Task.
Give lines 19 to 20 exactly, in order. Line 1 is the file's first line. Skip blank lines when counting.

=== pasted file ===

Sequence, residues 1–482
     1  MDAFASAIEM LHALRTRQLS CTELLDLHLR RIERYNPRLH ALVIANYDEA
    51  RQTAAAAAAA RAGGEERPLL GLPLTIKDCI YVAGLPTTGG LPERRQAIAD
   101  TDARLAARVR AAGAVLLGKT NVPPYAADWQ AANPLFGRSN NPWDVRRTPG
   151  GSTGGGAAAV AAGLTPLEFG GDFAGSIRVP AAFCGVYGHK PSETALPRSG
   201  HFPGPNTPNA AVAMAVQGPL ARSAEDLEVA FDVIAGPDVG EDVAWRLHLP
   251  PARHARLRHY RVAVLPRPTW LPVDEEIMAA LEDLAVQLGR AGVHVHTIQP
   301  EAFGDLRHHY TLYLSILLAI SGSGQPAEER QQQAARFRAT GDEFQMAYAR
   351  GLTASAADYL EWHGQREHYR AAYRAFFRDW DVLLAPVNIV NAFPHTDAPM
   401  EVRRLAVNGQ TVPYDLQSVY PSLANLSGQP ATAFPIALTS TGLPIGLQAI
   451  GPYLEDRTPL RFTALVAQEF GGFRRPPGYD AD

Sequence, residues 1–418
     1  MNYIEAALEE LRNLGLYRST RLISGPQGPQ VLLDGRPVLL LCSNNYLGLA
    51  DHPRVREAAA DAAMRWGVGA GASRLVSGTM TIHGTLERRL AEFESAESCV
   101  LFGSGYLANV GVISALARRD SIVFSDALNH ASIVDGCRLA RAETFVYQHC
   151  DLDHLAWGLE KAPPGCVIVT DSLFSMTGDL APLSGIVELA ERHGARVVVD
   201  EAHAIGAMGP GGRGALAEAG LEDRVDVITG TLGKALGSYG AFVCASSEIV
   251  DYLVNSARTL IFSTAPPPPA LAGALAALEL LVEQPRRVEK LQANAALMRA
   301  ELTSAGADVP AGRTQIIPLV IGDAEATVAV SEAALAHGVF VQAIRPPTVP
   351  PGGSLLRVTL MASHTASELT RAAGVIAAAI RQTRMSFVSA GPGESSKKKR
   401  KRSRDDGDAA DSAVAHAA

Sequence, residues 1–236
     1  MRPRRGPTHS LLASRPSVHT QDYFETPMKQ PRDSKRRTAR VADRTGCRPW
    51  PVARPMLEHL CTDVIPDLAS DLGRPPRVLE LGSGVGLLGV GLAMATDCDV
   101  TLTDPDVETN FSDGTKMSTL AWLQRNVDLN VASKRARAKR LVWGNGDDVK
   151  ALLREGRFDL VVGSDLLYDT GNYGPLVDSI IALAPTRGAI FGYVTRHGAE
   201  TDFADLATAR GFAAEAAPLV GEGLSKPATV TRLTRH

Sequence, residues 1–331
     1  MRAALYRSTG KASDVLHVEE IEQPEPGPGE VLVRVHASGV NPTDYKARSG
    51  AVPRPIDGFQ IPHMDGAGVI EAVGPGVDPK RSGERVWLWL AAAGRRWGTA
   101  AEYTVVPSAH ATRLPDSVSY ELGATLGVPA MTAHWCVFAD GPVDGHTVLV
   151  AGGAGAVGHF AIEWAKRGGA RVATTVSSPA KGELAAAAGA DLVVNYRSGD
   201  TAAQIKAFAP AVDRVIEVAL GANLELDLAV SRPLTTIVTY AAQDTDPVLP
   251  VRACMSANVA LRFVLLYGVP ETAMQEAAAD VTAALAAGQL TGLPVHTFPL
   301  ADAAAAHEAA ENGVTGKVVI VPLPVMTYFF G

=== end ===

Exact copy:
   301  ELTSAGADVP AGRTQIIPLV IGDAEATVAV SEAALAHGVF VQAIRPPTVP
   351  PGGSLLRVTL MASHTASELT RAAGVIAAAI RQTRMSFVSA GPGESSKKKR